The likes of Murray & Roberts, Aveng and Group Five are either part of infrastructure development programmes or are bidding with international groups to build power stations and big projects.

Cadiz African Harvest portfolio manager Rajay Ambekar says gross fixed capital formation had peaked at about 30% in 1976 but has since been coming down to the current 15% of gross domestic product (GDP). “The target is 25% of GDP,” Ambekar says.

International construction companies are partnering with local companies that are unable to cope with the load and lack expertise, especially for big projects. “No South African company can build a power station on its own. A lot of civil construction would be done by local companies while technical expertise is brought by international companies,” Ambekar says.

However, he says there is a risk of delays that are outside companies’ control, which could be costly. Blaauw agrees, saying there will be more supply-side constraints than demand-side constraints.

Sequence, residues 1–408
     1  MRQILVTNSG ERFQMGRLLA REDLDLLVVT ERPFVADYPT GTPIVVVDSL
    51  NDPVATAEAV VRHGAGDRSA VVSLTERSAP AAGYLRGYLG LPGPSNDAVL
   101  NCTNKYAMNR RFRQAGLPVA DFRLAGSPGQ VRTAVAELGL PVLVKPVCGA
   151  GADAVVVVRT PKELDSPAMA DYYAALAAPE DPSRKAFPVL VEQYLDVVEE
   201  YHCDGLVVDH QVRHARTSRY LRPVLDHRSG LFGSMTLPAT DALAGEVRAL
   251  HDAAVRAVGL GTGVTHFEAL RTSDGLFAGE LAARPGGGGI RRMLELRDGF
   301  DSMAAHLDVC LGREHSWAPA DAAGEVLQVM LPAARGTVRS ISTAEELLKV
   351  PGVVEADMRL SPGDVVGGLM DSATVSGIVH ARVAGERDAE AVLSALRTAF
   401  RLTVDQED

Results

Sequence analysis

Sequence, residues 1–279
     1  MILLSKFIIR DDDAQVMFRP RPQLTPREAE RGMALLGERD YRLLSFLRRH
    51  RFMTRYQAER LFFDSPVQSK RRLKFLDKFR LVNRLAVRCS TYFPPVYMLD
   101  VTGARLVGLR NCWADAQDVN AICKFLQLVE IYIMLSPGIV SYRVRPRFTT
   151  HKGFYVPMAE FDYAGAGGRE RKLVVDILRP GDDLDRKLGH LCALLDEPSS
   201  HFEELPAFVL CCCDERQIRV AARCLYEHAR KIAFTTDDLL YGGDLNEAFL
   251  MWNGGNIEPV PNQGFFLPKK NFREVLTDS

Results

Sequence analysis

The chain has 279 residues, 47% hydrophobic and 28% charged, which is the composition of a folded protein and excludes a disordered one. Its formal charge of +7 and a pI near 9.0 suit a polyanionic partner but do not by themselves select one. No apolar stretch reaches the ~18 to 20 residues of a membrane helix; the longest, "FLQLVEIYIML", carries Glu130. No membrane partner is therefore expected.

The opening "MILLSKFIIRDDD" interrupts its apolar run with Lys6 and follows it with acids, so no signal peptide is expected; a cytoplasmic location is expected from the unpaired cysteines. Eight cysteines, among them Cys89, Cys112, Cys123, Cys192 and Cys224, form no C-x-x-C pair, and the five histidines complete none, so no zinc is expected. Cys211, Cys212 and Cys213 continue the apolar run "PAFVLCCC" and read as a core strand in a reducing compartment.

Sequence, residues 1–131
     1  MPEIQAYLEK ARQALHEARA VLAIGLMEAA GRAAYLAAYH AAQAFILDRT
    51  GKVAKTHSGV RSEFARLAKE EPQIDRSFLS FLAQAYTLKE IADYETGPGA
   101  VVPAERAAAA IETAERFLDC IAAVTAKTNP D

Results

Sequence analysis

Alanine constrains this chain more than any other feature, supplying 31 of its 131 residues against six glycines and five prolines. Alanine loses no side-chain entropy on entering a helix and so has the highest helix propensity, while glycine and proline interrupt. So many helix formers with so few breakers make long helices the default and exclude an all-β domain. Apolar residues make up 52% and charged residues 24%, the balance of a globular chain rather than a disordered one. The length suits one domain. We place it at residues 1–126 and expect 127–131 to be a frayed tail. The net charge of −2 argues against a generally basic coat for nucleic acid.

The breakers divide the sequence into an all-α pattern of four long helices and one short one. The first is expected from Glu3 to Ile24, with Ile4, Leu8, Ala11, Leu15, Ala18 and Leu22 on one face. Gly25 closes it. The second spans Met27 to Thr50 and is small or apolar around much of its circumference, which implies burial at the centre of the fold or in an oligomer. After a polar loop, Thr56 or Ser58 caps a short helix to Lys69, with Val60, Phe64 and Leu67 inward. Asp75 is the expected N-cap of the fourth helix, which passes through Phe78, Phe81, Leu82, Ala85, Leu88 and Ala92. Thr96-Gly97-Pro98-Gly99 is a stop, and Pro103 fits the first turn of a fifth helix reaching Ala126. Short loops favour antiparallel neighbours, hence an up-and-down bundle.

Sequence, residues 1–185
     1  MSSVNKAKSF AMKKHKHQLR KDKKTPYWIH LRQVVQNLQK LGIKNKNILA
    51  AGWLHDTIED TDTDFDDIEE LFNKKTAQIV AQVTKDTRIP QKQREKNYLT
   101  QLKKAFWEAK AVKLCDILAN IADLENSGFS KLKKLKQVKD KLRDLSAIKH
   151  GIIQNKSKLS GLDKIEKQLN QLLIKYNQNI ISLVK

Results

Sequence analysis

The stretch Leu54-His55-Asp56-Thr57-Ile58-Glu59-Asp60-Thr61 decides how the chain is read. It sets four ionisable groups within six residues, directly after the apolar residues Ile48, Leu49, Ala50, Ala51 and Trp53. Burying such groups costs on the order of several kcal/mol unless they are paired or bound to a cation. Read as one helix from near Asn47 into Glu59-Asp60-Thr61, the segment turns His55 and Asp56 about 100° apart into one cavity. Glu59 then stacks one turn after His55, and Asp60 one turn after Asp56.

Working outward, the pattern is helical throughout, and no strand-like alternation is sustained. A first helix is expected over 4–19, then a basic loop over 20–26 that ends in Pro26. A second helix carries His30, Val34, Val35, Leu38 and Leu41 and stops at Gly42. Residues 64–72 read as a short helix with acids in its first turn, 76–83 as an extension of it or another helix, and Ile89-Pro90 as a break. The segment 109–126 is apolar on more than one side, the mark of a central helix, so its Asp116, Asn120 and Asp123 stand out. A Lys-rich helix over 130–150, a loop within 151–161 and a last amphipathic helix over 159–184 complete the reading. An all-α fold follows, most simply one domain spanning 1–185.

According to Statistics SA, the construction industry showed the biggest jump of all economic sectors in acquiring capital assets from 2005 to 2006, recording a 73% increase. Salaries and wages rose 16,6%. Blaauw says it is likely the industry will have doubled in size between 2004 and next year. .

In 2006 there were four large international construction firms registered with the Construction Industry Development Board, rising to 11 last year.

“We are likely to see a further increase in competition from abroad over the next two to three years, as well as from smaller companies growing into larger firms able to compete for bigger contracts.”

 

Despite rand weakness, inflation moving upwards and SA’s electricity crunch, the government will forge ahead with its infrastructure development programme

Monday, 21 January 2008 02:00

Cape Town port upgrade begins

Transnet port terminals has started work on a R4,2bn construction programme to nearly double the capacity at the Cape Town container terminal by 2012

Wednesday, 04 July 2007 02:00

Group Five wins R1,8 billion contract

Construction company Group Five has won a R1,8-billion contract from Transnet to widen Durban's existing harbour by 100m and to increase the depth by 6m.

Mike UptonWorking with Belgian company, Dredging International, Group Five Civil Engineering is responsible for the civil portion of the contract, valued at R1,1 billion.